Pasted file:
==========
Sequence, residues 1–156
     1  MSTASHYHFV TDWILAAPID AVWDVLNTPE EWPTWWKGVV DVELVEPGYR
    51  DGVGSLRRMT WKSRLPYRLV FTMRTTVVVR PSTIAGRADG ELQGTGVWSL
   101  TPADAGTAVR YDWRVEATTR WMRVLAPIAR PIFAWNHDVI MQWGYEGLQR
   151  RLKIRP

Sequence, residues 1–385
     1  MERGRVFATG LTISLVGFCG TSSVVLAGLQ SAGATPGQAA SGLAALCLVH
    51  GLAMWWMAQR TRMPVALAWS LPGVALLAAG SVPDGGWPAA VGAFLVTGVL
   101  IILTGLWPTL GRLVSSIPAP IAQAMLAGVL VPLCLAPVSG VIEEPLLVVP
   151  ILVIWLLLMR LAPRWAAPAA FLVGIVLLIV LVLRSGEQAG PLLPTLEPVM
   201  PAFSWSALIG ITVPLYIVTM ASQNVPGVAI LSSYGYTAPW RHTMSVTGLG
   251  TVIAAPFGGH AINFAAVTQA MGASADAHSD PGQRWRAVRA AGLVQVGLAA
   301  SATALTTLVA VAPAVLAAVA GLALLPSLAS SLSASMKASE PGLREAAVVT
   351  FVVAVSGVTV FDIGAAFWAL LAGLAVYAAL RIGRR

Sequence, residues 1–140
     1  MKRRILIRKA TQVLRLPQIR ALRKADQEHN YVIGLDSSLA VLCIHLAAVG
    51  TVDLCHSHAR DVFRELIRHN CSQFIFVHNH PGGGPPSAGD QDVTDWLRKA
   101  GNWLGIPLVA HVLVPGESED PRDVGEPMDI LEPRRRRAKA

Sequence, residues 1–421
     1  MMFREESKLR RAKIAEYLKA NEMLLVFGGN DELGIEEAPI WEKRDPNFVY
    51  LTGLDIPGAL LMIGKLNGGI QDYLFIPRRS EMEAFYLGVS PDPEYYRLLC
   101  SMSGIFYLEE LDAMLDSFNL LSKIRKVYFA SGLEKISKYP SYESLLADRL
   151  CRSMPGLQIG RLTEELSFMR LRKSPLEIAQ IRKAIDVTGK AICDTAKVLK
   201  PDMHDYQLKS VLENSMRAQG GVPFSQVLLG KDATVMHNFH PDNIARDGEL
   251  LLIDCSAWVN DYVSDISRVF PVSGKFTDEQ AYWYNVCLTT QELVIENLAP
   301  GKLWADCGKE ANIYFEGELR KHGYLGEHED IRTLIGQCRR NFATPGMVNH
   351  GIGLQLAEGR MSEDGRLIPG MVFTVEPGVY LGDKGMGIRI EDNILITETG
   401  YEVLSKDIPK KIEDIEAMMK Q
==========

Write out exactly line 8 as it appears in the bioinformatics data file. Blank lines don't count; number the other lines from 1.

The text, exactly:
    51  GLAMWWMAQR TRMPVALAWS LPGVALLAAG SVPDGGWPAA VGAFLVTGVL